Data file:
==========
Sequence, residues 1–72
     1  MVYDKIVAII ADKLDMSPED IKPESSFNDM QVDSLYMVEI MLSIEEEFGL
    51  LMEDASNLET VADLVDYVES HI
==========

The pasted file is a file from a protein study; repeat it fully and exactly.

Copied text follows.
Sequence, residues 1–72
     1  MVYDKIVAII ADKLDMSPED IKPESSFNDM QVDSLYMVEI MLSIEEEFGL
    51  LMEDASNLET VADLVDYVES HI